Some of the characteristics of pathological lying include:

  • Frequent unnecessary dishonesty
  • Attention seeking behavior
  • Story fabrication
  • Low self – esteem
  • twisting and warping stories heard
  • Personality disorder and addiction
  • Inability to confront the truth.

Causesof Pathological Lying

Causes of development of pathological lying can be, but are not limited to, one or more of the factors mentioned below:

  • A dysfunctional family;
  • Sexual or physical abuse in childhood;
  • Neuropsychological abnormalities; such as borderline mental retardation, learning disabilities etc.
  • Impulse control disorders; such as kleptomania, pathological gambling, compulsive shopping.
  • Accommodating or suggestible personality traits;
  • Personality disorders such as Sociopathic, Narcissistic, Borderline, Histrionic and more;
  • Substance abuse or substance abuse in family;

Low Self-Esteem and Pathological Lying

Low self-esteem is a commonly found feature in pathological liars. The telling lie maybe an attempt to feel good about themselves, similar to the effect of drugs & alcohol. The same lie repeated over and over may create a myth of personal well-being or success or displacement of faults of own failures on others, thus creating an imaginary fantasy protection bubble, which may reinforce self-esteem. Pathological liars repeatedly use deceit as an ego defense mechanism, which is primarily caused by the lack of ability to cope with everyday problems in more mature ways.

The Psychology of Lying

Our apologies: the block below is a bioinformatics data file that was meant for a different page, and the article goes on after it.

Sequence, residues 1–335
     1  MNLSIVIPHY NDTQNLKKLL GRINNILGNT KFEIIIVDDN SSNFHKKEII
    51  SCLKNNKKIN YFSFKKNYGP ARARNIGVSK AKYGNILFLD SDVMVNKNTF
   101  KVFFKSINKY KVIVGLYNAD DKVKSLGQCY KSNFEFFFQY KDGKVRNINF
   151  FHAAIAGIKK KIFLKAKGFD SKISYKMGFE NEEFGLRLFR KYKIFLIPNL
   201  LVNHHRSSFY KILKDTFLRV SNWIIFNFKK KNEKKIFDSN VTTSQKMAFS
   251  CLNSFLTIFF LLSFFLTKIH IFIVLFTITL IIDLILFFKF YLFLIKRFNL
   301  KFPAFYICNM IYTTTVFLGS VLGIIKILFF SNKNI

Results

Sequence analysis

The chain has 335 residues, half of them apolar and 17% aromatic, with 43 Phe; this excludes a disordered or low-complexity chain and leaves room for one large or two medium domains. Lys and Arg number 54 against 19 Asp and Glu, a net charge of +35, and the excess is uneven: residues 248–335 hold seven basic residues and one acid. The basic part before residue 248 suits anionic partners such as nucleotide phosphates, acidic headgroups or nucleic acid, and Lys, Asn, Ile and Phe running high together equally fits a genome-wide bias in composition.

On the other spectrum, however, people are who tell lies pathologically. They feel a compulsion to tell lies and may lie for no apparent benefit whatsoever. Common diagnoses associated with patients who consistently lie include:

  • Antisocial Personality Disorder
  • Borderline Personality Disorder
  • Histrionic Personality Disorder
  • Factitious Disorders

Other mental disorders exist that may result in patients telling lies, but not realising that what they are saying is not true. Examples include Paranoid Personality Disorder or some of the Dissociative Disorders.

What is the Difference between a Sociopath and a Compulsive or Pathological Liar?

Not all pathological liars are sociopaths, but all Sociopaths are pathological liars. The difference between the two is one knows what he/she is doing, and the other just does not care. The sociopath lies are calculated and manipulative, and in the end someone always get hurt. He/she doesn’t care who are going to affect with their lies, as long as in the end the lie fits their purpose and they get what they want.Often sociopathic or compulsive lying is connected to the mental illnesses Narcissistic Personality Disorder (NPD) and Antisocial Personality Disorder (APD).